Breast augmentation is currently the most common aesthetic procedure performed. In my practice, I use silicone gel implants the vast majority of the time. I prefer them over saline because they are much softer and look more natural. Creating natural results is my priority as well as something desired by most of my patients. There are still lingering concerns about silicone in some of my patients, so I wanted to provide some information to dispel some commonly held misbeliefs.

I began using cohesive gel silicone implants as part of a national study that began over seven years ago. These newly designed implants had thicker shells and much thicker gel inside them. The thicker shell has resulted in leakage rates of only 8%—as measured seven years after surgery, compared to rates as high as 70% with the older, thin-walled implants. The rate of scar tissue development around the implants called capsular contracture has also dropped from over 25% to 15%. The newer gel is so thick, that even when the shell develops a hole, the gel cannot ooze out into surrounding tissues.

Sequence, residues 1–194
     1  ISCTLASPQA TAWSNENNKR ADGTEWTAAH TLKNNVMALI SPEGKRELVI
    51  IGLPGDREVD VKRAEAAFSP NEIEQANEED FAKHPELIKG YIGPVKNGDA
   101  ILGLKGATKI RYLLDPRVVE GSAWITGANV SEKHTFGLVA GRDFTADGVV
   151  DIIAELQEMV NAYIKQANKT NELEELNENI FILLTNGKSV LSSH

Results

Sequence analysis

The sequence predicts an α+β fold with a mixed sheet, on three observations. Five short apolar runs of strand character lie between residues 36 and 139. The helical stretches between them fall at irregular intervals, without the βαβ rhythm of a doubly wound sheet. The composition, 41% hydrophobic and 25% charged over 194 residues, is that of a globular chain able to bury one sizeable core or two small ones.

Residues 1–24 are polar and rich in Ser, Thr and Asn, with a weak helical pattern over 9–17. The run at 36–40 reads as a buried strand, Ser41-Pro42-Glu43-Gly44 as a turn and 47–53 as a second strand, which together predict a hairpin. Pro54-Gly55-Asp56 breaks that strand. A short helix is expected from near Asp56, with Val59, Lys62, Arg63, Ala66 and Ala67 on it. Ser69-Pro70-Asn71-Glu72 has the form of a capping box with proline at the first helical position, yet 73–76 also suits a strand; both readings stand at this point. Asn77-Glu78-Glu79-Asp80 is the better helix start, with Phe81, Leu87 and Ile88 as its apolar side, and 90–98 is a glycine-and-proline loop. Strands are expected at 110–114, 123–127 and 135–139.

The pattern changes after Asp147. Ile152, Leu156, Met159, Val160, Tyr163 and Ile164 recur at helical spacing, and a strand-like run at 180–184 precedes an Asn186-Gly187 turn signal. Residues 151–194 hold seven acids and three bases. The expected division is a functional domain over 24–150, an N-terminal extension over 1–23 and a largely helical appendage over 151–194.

The big question is: “When will I need new implants?” At present, the answer is unclear. We have seven years of data about silicone gel breast implants from the US and ten from Europe. As described above, it would be very unlikely to have a problem with the implant that would develop within the first seven years. We simply don’t have data past that at this point. The studies are ongoing, and new data will be made available as it comes out. There is no such thing as a lifetime breast implant, but with newer implant designs, the durability of implants continues to improve.

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